A lone arriving passenger walks onto the Reagan National Airport Metro platform.(Photo by John McDonnell/The Washington Post)

A lone arriving passenger walks onto the Reagan National Airport Metro platform.(Photo by John McDonnell/The Washington Post)

A proposal from a group of House members — two Republicans, two Democrats — aims to cut the federal budget by forcing elected officials to fly coach. This would save money, although it's not clear how much. It would not, however, make members of Congress suffer through flights the way everyone else does.

The measure from Reps. Paul Gosar (R-Ariz.), John Barrow (D-Ga.), Walter Jones (R-N.C.), and Raul Ruiz (D-Ca.) is captured entirely in its evocative title: the "If Our Military Has to Fly Coach Then so Should Congress Act of 2014." Instead of always flying members of the military first class, which would also have solved that problem, the representatives decided to bar members of Congress from using any seats besides those in coach. Or, more accurately, the cheapest fare possible. No extra leg room, apparently — although exceptions may be made for medical conditions. (Point of personal editorial privilege: as a tall person, being tall should count in this case.)

How much this would save the government isn't clear. Gosar's press release mentions the size of the national debt twice but doesn't include how much the measure is expected to save. (A request made to his office for that information wasn't answered by the time this article was published.)

Regardless: Let's say this passes (which, at this point, is anyone's guess). Does this mean that the next time you are on your way to Reagan National for a flight, you'll be fighting for a parking spot with Sen. Joe Manchin or standing next to a fidgety Rep. Paul Ryan in the security line, as he frets about making his flight, or be sitting next to Rep. Keith Ellison in row 22 on your flight? No. No, it does not.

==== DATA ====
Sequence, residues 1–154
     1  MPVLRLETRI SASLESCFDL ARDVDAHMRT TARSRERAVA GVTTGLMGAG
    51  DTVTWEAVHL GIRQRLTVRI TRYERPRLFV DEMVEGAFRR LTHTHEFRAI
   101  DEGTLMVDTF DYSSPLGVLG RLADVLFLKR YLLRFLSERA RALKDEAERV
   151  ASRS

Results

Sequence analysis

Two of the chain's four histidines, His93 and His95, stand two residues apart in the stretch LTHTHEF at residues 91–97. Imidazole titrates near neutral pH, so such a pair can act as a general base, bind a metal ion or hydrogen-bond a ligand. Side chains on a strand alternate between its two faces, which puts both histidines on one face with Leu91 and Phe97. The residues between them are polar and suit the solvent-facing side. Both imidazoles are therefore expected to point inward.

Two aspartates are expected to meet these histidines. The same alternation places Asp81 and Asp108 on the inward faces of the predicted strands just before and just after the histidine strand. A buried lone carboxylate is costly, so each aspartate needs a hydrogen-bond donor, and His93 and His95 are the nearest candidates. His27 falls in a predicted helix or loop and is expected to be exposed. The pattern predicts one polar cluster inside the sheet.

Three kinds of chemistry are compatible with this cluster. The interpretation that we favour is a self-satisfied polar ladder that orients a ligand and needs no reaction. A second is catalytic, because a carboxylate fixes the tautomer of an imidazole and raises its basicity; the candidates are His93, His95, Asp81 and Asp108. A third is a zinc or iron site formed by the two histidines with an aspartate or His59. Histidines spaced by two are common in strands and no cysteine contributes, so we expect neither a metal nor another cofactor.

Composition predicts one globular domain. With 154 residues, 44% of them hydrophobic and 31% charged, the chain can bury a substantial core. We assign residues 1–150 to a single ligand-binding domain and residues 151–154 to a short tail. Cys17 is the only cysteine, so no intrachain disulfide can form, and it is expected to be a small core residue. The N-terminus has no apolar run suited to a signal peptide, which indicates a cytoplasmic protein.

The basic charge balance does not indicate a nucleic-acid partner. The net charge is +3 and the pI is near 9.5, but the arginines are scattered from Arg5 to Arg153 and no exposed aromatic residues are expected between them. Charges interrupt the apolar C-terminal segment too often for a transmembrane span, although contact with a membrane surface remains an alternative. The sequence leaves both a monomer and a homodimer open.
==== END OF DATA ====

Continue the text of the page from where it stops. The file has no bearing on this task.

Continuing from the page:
Members of the current 113th Congress have, since the beginning of last year, received over $8 million in free travel from generous sponsors, according to LegiStorm, a site that aggregates data on Congressional spending. In February, the site noted that the trips tallied in 2013 were the most in any year since 2007 — the point at which reforms aimed at ending lobbyist-sponsored trips kicked in. No one in the current Congress has been on more sponsored trips than Ellison, who has been on 13. It's not clear how many of Ellison's trips were in first- or business-class.

Last April, Bloomberg Businessweek's Joshua Green documented the other perks alluded to above. Reagan National sets aside parking next to the terminal for members of Congress, which could free up an additional $738,760 a year for the regional airport authority if it didn't exist. And, Green noted, members of Congress can book multiple flights to assure a larger window for departure, and then cancel the unused flights without penalty.

There's another reason that this measure won't have as big an effect as it at first seems. Existing rules state that members of the government can use the frequent filer miles they accrue from all of their flying back-and-forth to upgrade their flights, as desired. Since such an upgrade wouldn't require the use of any federal funding, the new law wouldn't prohibit regular ol' seat upgrades.

So there's the deal. If this law passes, members of Congress can still drive up to their terminal-adjacent parking spots and hop on whichever flight they decided to take and upgrade their seats using their existing miles. Assuming they're footing the bill for it at all.

And assuming that a sequestration-era restriction on members of Congress hopping on military aircraft to travel the world isn't lifted. But that's how the military travels, so it's probably fine.